In 1995 the University of California Small Farms Program and cooperating farmers started evaluating low-chill southern highbush varieties in San Luis Obispo and Ventura counties. They found that “low-chill” southern highbush varieties offered the most promise for extended season production on the central coast. By 1997, Kearney Agricultural Center trials found that southern highbush cultivars were also well adapted to the semiarid climate of the San Joaquin Valley. Further evaluations identified the best yielding and flavorful cultivars. Initial and ongoing UC Small Farms studies have escalated California blueberry production swiftly up the learning curve, providing California farmers of small to moderate operations a niche in a very competitive market.

Blueberry field trial in San Joaquin county, located on a cooperator's land. © University of California
Today, California blueberries are harvested from May through July in the San Joaquin Valley and January through May on the central coast. While consumer demands are on the rise and profits can be excellent, producing and harvesting blueberries in California is expensive. It can run over $10,000 per acre to prepare a field because successful cultivation in many areas necessitates soil and irrigation water acidification and adding tons of mulch per acre. Specialized equipment, labor-intensive pruning, and pests like light brown apple moth, thrips, and spotted wing drosophila can add substantially to cost. Therefore, getting the right information and planning is imperative. While the UC Small Farms Program continues to develop field and market research for blueberry production in California, growers can also turn to the newly published Pest Management Guidelines for blueberries.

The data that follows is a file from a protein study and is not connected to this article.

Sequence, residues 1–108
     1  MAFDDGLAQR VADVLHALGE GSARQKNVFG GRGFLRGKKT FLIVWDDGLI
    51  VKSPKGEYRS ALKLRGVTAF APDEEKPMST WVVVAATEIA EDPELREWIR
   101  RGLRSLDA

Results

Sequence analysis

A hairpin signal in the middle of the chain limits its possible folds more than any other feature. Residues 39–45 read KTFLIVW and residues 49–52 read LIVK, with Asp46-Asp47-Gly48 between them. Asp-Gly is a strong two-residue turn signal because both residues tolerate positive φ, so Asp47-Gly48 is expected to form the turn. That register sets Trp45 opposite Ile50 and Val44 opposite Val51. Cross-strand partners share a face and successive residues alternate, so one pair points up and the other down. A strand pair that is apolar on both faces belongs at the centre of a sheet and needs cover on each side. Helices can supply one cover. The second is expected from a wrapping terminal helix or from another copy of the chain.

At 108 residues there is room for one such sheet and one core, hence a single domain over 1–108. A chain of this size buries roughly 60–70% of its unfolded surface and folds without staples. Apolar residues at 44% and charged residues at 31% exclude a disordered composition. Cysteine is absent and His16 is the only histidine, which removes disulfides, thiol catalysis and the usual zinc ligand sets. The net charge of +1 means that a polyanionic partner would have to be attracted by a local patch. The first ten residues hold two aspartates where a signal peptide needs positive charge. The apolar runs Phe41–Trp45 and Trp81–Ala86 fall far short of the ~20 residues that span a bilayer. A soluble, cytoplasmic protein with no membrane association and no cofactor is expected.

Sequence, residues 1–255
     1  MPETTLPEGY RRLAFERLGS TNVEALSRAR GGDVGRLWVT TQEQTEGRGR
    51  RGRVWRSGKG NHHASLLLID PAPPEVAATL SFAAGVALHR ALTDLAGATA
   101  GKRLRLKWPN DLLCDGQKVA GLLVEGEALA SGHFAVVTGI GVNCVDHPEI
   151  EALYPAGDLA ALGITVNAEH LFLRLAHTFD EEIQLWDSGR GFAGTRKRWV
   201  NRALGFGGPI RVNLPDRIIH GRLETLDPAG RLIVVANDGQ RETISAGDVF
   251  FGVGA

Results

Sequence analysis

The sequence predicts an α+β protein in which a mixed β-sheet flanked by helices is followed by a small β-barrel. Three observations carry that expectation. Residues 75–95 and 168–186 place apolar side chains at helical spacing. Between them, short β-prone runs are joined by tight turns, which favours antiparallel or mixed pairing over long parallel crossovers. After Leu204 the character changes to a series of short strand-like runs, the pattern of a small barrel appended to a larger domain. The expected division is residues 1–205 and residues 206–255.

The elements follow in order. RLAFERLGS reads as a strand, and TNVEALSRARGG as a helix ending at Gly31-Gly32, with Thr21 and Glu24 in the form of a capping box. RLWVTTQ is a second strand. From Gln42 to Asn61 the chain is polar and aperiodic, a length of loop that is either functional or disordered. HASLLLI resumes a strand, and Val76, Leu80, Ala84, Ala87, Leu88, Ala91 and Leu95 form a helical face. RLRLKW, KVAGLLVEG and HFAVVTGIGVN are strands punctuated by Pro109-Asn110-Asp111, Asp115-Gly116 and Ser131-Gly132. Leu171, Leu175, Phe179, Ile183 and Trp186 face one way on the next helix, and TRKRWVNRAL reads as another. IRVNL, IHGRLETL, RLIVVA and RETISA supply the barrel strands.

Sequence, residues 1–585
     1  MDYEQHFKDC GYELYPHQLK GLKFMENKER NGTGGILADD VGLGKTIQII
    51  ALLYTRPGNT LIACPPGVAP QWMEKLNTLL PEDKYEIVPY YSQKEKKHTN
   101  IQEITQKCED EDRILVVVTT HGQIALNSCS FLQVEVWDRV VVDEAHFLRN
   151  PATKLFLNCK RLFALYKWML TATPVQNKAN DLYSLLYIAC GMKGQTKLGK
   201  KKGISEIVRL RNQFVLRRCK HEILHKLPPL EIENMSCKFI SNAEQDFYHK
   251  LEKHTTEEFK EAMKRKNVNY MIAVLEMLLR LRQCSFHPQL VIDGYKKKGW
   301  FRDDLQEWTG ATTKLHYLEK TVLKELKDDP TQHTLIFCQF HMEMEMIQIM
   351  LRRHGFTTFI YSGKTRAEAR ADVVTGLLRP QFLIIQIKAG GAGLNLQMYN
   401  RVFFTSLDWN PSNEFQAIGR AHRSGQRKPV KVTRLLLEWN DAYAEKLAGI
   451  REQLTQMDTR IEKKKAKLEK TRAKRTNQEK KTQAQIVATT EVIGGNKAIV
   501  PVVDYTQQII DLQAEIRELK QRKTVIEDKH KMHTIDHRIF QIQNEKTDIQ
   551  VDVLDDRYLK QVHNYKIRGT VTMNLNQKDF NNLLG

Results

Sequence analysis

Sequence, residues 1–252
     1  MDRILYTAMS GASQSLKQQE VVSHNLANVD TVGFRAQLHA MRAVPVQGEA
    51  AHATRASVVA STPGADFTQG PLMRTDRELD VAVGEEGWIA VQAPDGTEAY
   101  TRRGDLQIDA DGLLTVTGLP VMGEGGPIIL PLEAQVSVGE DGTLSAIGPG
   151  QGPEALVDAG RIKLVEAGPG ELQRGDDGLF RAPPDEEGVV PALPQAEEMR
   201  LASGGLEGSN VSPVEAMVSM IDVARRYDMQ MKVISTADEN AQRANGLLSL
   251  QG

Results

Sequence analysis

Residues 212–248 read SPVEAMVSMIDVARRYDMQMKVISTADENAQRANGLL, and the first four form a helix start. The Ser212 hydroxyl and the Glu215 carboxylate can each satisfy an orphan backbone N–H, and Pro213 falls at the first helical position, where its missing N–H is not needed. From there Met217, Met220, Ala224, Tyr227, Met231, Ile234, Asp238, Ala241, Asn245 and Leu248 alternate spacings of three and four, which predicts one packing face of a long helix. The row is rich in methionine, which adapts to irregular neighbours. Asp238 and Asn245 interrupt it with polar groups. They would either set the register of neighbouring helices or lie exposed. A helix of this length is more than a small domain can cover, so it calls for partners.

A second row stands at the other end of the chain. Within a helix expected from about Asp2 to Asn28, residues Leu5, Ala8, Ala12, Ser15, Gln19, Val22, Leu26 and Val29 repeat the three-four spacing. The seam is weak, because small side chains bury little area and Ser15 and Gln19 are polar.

Posted on Friday, June 20, 2014 at 9:37 AM
  • Author: Jodi Azulai, UC Statewide IPM Program
Tags: blueberries (1), IPM (10), Master Gardener (32)

Experience Yosemite and Surroundings at Conference Tours

The 2014 UC Master Gardener Program Conference offers several opportunities for you and your guests to experience Yosemite and the surrounding area through tours featuring must-see destinations and gardens in Yosemite, Mariposa, Madera and Fresno County. Experience this region of California as you've never been able to before!


Loofa Farm & Mount Bullion Vineyard

The loofa is a member of the Cucurbitaceae family. Contrary to popular belief, loofas grow on a vine, not in the ocean.  Located in the Yosemite foothills, this tour of a working loofa farm is scheduled one week prior to harvest!  Handmade crèmes, lotions, soaps and loofahs are available for purchase, and of course, all products are grown and crafted on site.

Following the loofa farm tour you will travel to Mt. Bullion Vineyard, where grapes are grown, fermented, barreled, aged, bottled and cellared.  A visit to the winery is by appointment only. Lunch will be provided at the winery.   The tour also includes transportation to and from Tenaya Lodge. 


Gardens of the Central Valley

Clovis Botanical Garden is the only botanical garden in the San Joaquin Valley. It is a one-acre water-wise demonstration garden that showcases beautiful plants and landscapes appropriate for the hot summers and cool winters of California's Central Valley. While strolling through the garden learn about the “Sensational 70”, plants friendly to Central Valley landscapes which are attractive, water-wise, and non-invasive.  Enjoy lunch at the home and garden of one of our own Master Gardeners of Fresno County.